This was originally written on 24 August 2005. It is from my summer trip to Central Asia, China and Tibet.

Yak Enchilada

Hmmmm.... it was gorgeous. Certainly better than the dodgy yak buger.

Anyway just a quick update as there are temples to visit and pilgrimage circuits to ... well do whatever you do on pilgrimage circuits.

I arrived in Lhasa four days ago from the high plateau and since then life has been one long round of monasteries and unusual food. It's been great. The Chinese haven't managed to make the Tibetans assimilate totally yet. It is still a very religious area although there are far less monks and lamas than before China came in. The city is largely a modern Chinese creation, a classic example is the huge square in front of the Potola palace. But small Tibetan areas remain and being able to sit in a chapel and watch the monks debating, or experience the throat singers in the shade of a monastery courtyard have been highlights for me. I've got lost round some huge monastery complexes, been called a yeti by the monk kitchen staff (due to having hair on my arms) and tried on some truely spectacular hats in truely spectacular locations.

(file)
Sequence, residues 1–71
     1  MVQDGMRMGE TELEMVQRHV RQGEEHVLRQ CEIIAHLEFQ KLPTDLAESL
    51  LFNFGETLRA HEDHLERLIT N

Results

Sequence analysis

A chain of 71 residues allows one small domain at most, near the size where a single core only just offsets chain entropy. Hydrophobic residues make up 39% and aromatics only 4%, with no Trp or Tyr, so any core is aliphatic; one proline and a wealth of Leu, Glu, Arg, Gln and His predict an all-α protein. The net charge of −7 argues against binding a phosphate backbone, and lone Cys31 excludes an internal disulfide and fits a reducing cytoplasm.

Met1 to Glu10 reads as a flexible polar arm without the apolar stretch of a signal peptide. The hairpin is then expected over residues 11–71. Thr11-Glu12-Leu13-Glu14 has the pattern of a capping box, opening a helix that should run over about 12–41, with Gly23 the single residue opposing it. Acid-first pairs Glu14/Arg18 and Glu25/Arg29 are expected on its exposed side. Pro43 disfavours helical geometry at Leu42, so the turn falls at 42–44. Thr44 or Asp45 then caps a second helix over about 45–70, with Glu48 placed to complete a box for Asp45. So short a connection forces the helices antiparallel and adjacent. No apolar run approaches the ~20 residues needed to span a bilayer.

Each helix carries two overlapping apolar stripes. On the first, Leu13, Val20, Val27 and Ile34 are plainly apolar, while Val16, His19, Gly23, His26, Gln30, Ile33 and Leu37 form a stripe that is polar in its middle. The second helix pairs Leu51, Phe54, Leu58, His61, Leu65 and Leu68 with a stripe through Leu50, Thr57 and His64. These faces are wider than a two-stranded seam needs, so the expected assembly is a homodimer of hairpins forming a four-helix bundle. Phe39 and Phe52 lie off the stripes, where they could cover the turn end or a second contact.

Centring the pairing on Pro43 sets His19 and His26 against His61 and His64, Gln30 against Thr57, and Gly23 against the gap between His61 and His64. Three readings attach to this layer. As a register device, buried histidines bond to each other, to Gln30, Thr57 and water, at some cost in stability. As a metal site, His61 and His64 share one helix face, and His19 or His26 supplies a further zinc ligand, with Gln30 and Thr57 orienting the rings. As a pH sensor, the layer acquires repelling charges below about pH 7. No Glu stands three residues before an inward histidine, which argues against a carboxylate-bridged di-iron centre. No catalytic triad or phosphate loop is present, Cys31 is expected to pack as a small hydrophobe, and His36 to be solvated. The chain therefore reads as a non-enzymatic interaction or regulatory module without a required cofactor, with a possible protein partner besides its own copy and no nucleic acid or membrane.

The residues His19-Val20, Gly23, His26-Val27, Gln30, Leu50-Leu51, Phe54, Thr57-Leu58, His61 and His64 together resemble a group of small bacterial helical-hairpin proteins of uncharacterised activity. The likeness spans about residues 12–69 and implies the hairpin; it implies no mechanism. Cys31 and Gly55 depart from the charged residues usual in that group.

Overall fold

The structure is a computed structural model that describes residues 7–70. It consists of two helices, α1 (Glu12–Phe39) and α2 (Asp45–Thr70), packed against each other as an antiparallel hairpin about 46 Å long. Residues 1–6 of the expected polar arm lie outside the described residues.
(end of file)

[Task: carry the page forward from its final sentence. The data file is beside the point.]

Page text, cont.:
On the downside the taxis here are equally as bad as anywhere else on my journey. None of them appear to know where anyplace is. I have to do impressions of a horse to get back to my hotel (it's next to a race track), but even that doesn't guarantee sucess. Last night, in an effort to fit all four of us in his cab, the taxi driver persuaded the passenger he already had to travel in the boot. He seemed only too happy to lie in foetal position in the locked boot whilst the driver vainly tried to find our hotel. I'm glad to report that he was still alive when we finally arrived at our destination.